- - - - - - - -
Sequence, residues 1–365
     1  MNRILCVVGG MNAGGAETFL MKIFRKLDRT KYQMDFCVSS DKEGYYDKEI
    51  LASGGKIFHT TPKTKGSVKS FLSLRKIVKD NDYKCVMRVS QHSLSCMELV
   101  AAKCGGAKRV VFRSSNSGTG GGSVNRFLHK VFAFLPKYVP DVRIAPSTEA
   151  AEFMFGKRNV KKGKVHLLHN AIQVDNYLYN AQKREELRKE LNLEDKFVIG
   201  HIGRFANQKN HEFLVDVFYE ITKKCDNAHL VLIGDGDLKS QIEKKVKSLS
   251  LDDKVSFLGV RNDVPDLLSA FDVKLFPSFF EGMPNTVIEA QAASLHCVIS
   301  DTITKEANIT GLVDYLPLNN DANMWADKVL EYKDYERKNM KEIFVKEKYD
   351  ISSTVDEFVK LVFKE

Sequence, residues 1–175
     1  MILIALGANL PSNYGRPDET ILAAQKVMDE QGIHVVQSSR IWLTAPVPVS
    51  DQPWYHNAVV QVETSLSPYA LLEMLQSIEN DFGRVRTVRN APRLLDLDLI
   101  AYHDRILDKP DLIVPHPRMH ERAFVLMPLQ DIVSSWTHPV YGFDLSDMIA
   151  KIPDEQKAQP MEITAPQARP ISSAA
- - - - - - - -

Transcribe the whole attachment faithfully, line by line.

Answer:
Sequence, residues 1–365
     1  MNRILCVVGG MNAGGAETFL MKIFRKLDRT KYQMDFCVSS DKEGYYDKEI
    51  LASGGKIFHT TPKTKGSVKS FLSLRKIVKD NDYKCVMRVS QHSLSCMELV
   101  AAKCGGAKRV VFRSSNSGTG GGSVNRFLHK VFAFLPKYVP DVRIAPSTEA
   151  AEFMFGKRNV KKGKVHLLHN AIQVDNYLYN AQKREELRKE LNLEDKFVIG
   201  HIGRFANQKN HEFLVDVFYE ITKKCDNAHL VLIGDGDLKS QIEKKVKSLS
   251  LDDKVSFLGV RNDVPDLLSA FDVKLFPSFF EGMPNTVIEA QAASLHCVIS
   301  DTITKEANIT GLVDYLPLNN DANMWADKVL EYKDYERKNM KEIFVKEKYD
   351  ISSTVDEFVK LVFKE

Sequence, residues 1–175
     1  MILIALGANL PSNYGRPDET ILAAQKVMDE QGIHVVQSSR IWLTAPVPVS
    51  DQPWYHNAVV QVETSLSPYA LLEMLQSIEN DFGRVRTVRN APRLLDLDLI
   101  AYHDRILDKP DLIVPHPRMH ERAFVLMPLQ DIVSSWTHPV YGFDLSDMIA
   151  KIPDEQKAQP MEITAPQARP ISSAA